# Small, But Not Insignificant

Alain Vigneault’s extreme situational deployment strategies have been a hot topic among hockey stats nerds this season. The topic even went mainstream this weekend when Malhotra’s O-zone start rate was mentioned by Elliotte Friedman on Hockey Night in Canada during Saturday evening’s game.

I’m of the opinion that zone-starts have a major impact on a skaters point production and possession stats. In my view, they also tell us a lot about which skaters a coach thinks are his team’s best at either end of the ice. Most people wouldn’t dispute any of the above, but David Johnson of hockeyanalysis.com isn’t most people.

I’m confident that David wouldn’t dispute the latter two points in the above sentence: quite clearly zone starts impact possession numbers, and tell you a fair bit about which players a coach trusts in certain situations. What David Johnson is skeptical about, is the impact zone-starts have on point production.

First some background, David Johnson is something of a heretic in the world of hockey analytics. He’s one of the few hockey-math folks who believe that players can suppress shooting percentage, or put another way, he’s a believer in the impact of shot-quality. In general, I find David’s work extremely interesting, and I’ve found both his site, and him personally to be extremely helpful in the past.

In his post today, titled "Zone Starts: Why we Shouldn’t Care" Johnson chose to use Daniel Sedin’s zone-start rate and production as a test-case. First, David tallied up the number of points Daniel Sedin has this season coming directly off of "offensive zone-starts" and found that he had 7. Put another way, 11.5% of Daniel Sedin’s total points on the season have come on the same shift as an offensive zone draw. Then Johnson used this bit of math to repudiate the idea that zone-starts have a dramatic, inflationary effect on point production:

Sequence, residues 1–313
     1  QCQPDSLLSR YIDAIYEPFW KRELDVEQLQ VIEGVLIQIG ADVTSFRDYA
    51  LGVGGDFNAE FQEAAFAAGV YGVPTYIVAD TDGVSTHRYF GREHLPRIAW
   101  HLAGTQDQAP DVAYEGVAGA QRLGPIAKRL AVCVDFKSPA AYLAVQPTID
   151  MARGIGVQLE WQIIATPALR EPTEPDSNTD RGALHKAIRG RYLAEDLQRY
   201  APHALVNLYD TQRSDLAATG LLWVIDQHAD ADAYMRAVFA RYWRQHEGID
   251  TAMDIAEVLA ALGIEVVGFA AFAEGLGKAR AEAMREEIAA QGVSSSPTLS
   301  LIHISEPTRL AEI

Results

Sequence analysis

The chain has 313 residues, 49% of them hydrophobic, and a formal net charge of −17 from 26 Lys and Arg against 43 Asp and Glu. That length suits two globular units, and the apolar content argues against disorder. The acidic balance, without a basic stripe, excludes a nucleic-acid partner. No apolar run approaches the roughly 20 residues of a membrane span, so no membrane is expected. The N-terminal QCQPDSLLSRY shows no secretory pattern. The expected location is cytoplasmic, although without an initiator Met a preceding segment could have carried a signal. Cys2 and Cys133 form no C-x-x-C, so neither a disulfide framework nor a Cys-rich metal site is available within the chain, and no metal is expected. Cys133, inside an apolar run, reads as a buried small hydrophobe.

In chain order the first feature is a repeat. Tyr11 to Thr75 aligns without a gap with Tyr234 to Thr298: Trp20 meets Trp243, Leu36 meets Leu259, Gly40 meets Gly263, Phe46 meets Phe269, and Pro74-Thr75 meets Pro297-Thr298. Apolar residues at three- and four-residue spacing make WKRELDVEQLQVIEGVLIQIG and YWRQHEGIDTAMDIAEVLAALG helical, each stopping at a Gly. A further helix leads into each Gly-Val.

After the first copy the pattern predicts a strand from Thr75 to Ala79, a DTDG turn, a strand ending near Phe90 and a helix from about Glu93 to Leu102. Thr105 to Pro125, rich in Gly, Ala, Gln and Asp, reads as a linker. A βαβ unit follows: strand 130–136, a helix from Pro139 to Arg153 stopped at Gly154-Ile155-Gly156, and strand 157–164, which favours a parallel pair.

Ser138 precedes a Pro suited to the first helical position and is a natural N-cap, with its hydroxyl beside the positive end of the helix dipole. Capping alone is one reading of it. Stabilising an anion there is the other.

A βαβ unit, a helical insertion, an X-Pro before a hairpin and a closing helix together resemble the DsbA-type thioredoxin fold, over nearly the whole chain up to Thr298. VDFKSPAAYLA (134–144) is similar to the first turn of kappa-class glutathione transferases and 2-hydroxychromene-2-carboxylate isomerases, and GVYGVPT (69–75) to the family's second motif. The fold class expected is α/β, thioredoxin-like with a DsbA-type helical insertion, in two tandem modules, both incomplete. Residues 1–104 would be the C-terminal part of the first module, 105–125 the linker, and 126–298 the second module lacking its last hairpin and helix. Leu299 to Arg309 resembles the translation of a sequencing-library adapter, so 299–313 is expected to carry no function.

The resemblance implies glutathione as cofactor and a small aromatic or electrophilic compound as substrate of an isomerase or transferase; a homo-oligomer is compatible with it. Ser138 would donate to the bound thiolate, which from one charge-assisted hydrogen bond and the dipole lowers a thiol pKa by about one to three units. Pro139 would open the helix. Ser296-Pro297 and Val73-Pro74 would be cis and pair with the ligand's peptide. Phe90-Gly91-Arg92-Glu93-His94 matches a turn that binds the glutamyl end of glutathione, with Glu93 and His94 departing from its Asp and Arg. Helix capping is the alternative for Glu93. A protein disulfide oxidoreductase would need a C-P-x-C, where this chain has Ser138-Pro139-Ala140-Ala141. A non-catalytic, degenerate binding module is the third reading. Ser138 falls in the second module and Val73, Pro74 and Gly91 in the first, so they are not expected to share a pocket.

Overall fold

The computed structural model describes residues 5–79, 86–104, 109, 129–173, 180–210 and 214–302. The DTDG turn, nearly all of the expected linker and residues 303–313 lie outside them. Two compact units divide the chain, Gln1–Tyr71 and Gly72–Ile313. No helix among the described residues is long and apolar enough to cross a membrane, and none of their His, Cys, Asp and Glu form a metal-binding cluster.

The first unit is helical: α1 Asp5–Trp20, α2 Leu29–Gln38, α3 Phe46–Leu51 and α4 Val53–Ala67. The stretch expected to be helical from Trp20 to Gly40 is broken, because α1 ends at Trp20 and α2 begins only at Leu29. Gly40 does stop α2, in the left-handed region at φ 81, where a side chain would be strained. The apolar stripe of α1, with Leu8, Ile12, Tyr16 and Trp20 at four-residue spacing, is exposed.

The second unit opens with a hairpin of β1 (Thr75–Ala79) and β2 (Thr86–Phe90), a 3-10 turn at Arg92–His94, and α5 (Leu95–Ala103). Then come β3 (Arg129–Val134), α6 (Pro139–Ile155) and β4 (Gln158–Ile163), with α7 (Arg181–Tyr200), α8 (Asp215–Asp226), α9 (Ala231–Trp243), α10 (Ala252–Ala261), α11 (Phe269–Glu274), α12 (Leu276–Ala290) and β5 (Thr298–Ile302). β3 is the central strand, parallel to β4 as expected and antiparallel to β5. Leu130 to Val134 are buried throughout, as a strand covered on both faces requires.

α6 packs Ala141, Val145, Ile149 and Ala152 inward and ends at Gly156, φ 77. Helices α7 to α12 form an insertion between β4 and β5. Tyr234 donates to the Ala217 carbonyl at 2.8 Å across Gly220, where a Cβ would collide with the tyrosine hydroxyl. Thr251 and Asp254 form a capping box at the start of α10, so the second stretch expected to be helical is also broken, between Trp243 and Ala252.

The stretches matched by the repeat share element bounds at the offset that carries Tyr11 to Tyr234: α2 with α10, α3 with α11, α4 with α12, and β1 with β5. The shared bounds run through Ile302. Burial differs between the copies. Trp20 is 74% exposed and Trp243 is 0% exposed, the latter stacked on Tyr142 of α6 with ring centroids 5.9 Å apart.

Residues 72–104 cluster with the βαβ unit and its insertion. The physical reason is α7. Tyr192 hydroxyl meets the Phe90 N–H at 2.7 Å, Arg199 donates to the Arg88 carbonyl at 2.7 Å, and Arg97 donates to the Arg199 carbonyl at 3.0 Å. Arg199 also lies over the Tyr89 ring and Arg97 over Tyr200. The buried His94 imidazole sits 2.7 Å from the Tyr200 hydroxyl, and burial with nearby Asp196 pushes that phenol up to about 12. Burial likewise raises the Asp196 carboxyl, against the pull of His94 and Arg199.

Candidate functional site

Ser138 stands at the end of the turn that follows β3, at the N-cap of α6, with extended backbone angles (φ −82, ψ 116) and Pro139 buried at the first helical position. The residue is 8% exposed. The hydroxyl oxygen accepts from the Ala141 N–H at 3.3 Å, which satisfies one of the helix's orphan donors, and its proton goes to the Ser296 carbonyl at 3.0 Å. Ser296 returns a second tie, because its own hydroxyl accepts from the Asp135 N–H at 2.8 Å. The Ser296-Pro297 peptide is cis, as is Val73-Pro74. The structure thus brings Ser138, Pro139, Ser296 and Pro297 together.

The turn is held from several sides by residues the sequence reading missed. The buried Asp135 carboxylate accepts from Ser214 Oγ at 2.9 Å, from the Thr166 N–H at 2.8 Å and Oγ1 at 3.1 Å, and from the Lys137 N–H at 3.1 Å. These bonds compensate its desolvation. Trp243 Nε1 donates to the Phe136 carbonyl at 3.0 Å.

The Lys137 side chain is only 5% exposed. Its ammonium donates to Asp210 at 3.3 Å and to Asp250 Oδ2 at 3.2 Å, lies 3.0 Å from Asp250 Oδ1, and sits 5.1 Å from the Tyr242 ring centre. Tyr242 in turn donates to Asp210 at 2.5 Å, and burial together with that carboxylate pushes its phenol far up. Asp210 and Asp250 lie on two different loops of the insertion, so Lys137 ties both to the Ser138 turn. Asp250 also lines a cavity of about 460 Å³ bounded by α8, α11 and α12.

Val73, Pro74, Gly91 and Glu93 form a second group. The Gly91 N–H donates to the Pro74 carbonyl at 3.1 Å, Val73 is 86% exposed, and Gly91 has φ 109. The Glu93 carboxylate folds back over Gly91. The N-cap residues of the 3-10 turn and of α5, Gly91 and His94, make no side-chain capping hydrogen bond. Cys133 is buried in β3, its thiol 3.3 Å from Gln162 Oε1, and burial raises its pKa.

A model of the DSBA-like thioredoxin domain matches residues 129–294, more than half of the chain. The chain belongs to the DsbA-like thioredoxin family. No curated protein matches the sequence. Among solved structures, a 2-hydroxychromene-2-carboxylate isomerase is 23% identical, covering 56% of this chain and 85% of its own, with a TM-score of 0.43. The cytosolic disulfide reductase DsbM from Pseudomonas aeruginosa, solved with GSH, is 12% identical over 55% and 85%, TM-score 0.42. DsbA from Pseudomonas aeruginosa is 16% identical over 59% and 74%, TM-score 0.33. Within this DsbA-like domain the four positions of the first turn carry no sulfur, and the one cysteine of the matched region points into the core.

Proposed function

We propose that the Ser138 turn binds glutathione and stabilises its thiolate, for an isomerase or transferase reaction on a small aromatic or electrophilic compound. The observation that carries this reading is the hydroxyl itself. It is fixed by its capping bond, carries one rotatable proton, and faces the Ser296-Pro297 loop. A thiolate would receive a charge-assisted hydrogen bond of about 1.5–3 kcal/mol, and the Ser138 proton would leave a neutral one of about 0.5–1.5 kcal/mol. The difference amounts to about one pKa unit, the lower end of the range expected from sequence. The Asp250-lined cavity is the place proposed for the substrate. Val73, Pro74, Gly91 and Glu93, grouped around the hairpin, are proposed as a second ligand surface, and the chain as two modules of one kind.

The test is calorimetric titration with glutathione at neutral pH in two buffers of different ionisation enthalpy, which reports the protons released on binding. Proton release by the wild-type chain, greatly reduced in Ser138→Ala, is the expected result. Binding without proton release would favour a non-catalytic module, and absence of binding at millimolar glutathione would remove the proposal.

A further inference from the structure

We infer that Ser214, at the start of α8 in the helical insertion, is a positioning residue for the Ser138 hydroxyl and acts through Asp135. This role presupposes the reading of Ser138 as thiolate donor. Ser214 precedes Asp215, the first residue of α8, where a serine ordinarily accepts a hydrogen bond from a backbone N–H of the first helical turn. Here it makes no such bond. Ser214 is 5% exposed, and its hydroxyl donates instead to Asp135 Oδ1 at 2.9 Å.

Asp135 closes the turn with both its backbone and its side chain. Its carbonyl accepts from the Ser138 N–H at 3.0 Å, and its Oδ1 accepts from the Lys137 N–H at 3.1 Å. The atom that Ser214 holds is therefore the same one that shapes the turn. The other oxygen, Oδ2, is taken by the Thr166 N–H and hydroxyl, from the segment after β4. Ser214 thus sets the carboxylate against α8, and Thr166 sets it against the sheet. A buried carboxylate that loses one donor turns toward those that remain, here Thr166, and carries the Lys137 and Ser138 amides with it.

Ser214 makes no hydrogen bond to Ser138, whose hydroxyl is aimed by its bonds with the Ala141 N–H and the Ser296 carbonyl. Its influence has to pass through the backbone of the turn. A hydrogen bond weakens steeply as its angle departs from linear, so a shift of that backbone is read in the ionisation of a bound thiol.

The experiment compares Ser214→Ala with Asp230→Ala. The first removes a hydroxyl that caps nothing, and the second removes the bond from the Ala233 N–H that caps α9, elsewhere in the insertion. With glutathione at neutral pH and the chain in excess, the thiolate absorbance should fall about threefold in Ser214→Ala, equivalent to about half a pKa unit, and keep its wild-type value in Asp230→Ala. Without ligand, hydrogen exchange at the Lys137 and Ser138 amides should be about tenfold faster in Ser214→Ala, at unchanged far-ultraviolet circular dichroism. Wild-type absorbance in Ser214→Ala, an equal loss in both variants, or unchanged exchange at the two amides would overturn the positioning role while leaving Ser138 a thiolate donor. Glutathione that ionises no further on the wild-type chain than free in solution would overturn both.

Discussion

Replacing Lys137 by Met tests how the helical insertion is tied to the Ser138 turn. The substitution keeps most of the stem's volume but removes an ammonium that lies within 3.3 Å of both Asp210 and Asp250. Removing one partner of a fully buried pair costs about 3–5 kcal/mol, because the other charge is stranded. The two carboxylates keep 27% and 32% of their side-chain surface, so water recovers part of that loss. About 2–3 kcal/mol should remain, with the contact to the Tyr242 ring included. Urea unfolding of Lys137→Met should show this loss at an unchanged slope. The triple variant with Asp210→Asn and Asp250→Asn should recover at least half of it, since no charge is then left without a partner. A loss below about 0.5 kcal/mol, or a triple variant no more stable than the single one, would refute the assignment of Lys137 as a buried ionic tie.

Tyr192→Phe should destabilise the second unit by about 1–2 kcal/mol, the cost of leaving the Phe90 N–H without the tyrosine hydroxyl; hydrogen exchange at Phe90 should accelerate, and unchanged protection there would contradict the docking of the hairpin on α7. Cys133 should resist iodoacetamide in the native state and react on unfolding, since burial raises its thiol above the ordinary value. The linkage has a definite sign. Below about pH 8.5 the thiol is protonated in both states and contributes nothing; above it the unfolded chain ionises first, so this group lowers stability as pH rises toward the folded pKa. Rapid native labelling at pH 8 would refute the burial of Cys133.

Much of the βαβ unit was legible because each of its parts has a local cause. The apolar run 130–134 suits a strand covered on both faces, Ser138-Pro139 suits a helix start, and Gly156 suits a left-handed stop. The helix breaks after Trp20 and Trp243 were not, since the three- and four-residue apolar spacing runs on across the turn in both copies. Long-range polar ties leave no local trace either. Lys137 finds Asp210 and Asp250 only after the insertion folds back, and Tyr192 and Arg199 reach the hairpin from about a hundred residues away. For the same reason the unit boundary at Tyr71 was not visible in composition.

For the sake of argument, let’s say we can directly tie all 7 of [Daniel’s] points to being a result of offensive zone face-offs. Also, for the sake of easy math, let’s assume his OZone% is 70% (it’s actually closer to 80%). So, on 70% OZone starts he scored 7 goals. If we reduce his Ozone% to 50% you’d naturally think you’d lose an equivalent portion of points so he’d end up with 5 points instead of 7. Net result, Daniel Sedin’s offensive zone start bias has accounted for just 2 additional points so far this season.

This is convincing math, but it’s not necessarily convincing logic.

The major issue here, as I see it, is that David has made the argument that "it doesn’t matter much" all the while his math shows that it does in fact matter! Maybe the margins aren’t mammoth, but by exploiting the percentages, Alain Vigneault is -according to David’s own math – putting "Daniel Sedin on the ice for 3-4 extra goals per season." 3-4 extra goals may seem like a drop in the bucket, but over the course of a full season it’s worth more than a point in the standings according to Pythagorean win expectation – and that’s only one skater.

Further, David puts some arbitrary qualifications that limit the number of goals he counts (I’d also prefer he count more events than simply goals scored). Others, like Driving Play, have done similar inquiries in the past and have found a significantly larger effect.

Or as Cam Charron put it in the Province this weekend:

It’s apparent that Vigneault is exploiting a mathematical edge that other NHL teams don’t. He puts his best defensive players in the best place to succeed defensively, and puts his best offensive players in the best place to succeed on offense.

Even if the "mathematical edge" isn’t massive (which, is a matter of some dispute), over an 82 game season exploiting even extremely slim margins can have a tangible benefit. Professional sports teams are always looking for that extra 2% for a reason, just ask Tampa Bay’s baseball team.